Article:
5) We were probably a bit too extreme regarding RCTs, which triggered the Straw Soviet and the Straw Naive Positivist (for epistemological and ethical reasons). It would have been more tactical to emphasize other stuff.

6) We would have come off as more concrete if we had based our opinion piece on a research report on the state of Swedish policy-making. It's great if you can do that, but I don't think it would have been rational for us (see below).

7) We should have stressed how big the movement on evidence-based policy is in the US and the UK. For instance, we could have mentioned that "Obama's 2016 budget calls for an emphasis on evidence-based approaches at all levels of government". Obama being popular and respected in Sweden, that would have done much to disarm the Straw Soviet. 

8) It was a mistake to mention legal means as a way of making politics more evidence-based, since it strongly triggers the Soviet meme. Even those who otherwise supported us criticized this suggestion.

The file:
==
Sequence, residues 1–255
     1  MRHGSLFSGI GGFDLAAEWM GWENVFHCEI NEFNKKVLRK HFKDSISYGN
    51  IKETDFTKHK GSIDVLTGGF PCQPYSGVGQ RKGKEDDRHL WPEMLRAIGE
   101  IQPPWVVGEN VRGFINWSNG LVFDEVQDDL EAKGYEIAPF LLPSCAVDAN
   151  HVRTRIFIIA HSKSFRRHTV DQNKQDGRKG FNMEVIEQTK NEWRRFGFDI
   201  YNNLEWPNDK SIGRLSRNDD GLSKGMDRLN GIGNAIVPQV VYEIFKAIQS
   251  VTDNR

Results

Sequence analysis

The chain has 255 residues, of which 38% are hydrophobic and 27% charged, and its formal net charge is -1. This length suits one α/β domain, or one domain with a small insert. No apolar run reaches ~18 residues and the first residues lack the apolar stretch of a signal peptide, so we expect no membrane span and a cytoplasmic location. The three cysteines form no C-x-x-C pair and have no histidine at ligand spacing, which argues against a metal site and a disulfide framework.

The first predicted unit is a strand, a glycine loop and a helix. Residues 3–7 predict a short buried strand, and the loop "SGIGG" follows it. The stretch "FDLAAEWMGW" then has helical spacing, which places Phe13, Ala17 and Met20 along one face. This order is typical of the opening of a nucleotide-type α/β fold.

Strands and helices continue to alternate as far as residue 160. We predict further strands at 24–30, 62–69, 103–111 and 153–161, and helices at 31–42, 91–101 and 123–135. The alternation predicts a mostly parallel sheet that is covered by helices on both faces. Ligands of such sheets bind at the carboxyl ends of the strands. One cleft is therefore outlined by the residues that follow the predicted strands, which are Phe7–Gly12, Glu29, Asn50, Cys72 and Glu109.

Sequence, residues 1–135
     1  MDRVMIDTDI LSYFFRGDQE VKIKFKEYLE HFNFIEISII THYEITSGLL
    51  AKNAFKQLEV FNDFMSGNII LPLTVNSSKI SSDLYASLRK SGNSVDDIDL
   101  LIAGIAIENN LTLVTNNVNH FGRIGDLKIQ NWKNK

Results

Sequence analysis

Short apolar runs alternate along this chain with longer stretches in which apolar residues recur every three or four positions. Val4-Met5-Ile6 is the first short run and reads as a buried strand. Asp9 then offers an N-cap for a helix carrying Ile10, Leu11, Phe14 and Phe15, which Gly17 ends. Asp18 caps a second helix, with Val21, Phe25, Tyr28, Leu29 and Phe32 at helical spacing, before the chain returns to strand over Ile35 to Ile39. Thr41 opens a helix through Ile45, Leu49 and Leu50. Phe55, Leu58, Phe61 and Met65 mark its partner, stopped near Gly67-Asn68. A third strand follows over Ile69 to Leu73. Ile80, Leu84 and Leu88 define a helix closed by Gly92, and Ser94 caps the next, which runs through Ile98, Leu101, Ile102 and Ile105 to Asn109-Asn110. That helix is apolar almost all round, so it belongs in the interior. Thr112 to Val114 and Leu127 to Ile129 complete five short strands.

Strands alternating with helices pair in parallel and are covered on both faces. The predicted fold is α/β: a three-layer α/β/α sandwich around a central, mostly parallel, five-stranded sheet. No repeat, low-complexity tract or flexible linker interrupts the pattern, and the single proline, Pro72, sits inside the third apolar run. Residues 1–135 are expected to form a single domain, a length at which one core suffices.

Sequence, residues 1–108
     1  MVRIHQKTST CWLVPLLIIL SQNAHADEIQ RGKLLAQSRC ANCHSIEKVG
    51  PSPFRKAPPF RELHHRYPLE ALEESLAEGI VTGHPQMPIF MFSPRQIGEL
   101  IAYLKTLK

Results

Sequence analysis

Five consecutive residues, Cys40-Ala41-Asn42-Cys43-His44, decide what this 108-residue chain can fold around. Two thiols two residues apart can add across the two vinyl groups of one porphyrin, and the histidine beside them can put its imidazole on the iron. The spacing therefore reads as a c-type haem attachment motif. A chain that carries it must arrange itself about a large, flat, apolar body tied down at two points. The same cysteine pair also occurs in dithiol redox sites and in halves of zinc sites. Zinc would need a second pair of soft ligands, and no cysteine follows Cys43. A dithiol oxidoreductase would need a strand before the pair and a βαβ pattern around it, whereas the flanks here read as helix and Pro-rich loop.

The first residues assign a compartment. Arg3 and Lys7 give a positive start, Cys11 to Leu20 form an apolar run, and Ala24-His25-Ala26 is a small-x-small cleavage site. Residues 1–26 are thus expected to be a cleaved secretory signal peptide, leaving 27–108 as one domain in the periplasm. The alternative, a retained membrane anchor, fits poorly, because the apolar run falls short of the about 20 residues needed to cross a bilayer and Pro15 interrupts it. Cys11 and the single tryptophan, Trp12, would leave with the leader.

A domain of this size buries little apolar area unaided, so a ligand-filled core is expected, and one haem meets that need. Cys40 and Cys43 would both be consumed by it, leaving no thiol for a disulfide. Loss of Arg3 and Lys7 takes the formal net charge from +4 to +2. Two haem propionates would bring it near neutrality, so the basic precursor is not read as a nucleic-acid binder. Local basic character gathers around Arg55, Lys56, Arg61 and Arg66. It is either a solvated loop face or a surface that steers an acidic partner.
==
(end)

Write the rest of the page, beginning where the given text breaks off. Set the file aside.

III

In our replies, we focused on rectifying the misunderstandings, focusing on the claim that we are calling for "Dr Despot". These replies normally gets much less attention, and so it was with ours as well. However, the reception also was more unanimously positive, especially from academics and civil servants who know the field.

I don't regret writing this opinion piece at this early stage. Before I started writing it (I wrote the body of the text, and the others then made minor tweaks) there wasn't much activity in our network. Now, we have many more members, including more senior ones. Also, those who already were in the network grew much more enthusiastic after the publication. Thus all-in-all it's been a major success. Still, I think you can learn a lot from things we could have done better.

I'll write more later on how the network is developing more generally. Also I should add that I'm still digesting what I've learnt, so my conclusions aren't set in stone. Any comments are welcome.

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When it comes to someone calling for a political change, it doesn't make sense to apply the principle of charity based on a best case interpretation of the outcome but to focus on the likely outcome. Political ideas shouldn't be accepted on the ground that they are well intentioned.